Who really determines the retention of UTSA professors?


Emmanuelle Maher/The Paisano

Editorial Board

If professors who are beloved by students are expendable to the university, then the university’s teaching needs are not compatible with the needs of students.

Professors, whether on the tenure track or not, have a significant impact on their students. Semester after semester, our professors are invested in our academic success and our growth from awkward first-day icebreakers to the “good luck on the final” statement. Professors cultivate the next generation of leaders and deserve to be treated well and with respect.

Not only do our professors need to be supported by their students, they need to be supported by the university. The university can’t expect students to feel supported while they are witnessing their professors being treated as disposable.

Currently, professors may be constrained by job insecurity. For some professors, such as those not on a tenure track, the fear of not being rehired lingers and carries over into the classroom – sometimes for decades.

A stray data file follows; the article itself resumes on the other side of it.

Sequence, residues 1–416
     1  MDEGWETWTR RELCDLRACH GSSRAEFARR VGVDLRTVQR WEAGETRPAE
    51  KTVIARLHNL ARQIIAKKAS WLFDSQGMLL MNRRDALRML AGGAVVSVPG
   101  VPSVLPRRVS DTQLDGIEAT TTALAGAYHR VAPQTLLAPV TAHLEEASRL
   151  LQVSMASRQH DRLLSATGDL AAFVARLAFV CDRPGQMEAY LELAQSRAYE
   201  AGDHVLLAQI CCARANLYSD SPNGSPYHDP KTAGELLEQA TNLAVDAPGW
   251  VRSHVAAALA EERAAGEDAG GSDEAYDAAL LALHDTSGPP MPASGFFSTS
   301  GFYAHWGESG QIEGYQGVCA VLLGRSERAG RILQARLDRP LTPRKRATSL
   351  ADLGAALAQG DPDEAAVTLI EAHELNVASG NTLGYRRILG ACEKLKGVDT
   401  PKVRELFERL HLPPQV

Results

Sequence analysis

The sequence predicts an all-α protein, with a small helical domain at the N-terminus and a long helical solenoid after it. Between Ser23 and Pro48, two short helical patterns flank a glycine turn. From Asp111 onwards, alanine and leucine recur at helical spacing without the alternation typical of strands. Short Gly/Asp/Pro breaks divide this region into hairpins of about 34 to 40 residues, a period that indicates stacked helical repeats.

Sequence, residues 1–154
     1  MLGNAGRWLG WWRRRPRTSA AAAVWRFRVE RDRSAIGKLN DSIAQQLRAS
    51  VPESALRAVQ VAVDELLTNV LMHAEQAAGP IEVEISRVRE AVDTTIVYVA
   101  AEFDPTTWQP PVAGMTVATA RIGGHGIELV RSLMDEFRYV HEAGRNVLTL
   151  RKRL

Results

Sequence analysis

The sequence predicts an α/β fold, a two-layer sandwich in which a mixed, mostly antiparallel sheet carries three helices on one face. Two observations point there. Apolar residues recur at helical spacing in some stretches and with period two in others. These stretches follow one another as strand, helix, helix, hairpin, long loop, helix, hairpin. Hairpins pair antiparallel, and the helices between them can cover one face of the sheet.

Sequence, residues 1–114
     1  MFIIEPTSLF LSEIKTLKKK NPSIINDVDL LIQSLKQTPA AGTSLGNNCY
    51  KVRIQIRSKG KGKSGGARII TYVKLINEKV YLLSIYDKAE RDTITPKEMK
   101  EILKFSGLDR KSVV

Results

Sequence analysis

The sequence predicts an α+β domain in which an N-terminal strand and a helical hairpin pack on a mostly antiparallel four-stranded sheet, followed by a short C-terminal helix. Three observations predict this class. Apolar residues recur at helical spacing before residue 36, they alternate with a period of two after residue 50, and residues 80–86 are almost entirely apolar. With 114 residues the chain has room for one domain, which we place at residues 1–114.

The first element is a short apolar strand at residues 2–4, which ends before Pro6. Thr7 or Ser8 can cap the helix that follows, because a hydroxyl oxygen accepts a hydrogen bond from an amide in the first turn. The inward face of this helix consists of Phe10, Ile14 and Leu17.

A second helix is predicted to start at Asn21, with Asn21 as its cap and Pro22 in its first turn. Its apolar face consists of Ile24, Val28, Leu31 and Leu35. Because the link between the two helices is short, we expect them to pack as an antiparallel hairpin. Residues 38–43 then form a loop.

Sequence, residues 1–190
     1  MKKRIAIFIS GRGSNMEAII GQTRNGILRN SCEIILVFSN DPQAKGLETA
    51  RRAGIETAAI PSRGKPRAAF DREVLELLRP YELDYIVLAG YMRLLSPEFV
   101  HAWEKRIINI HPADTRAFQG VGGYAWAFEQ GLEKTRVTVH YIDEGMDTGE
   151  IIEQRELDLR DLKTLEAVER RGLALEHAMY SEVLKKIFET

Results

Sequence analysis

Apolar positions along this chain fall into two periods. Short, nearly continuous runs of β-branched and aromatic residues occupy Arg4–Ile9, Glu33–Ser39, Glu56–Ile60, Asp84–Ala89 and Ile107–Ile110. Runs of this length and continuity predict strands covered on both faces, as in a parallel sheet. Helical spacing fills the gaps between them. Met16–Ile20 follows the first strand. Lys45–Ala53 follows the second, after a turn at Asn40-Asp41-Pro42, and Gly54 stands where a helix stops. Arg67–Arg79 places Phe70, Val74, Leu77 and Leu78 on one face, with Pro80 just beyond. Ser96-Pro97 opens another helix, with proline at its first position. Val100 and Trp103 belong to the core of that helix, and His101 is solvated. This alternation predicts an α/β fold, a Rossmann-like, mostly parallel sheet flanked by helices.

A healthy learning environment for students is fostered when the university supports its faculty members. If the university truly wants the students to have a healthy learning environment, then the university should not ignore the course evaluation responses from the students themselves when determining the continued employment of a faculty member.

The culture across academia is teeming with professors who feel each semester might be their last. If consistently strong reviews from course evaluations can’t secure their future, then what can? A value of the university should be to encourage professors to be at the forefront of thought in the same capacity that they encourage students.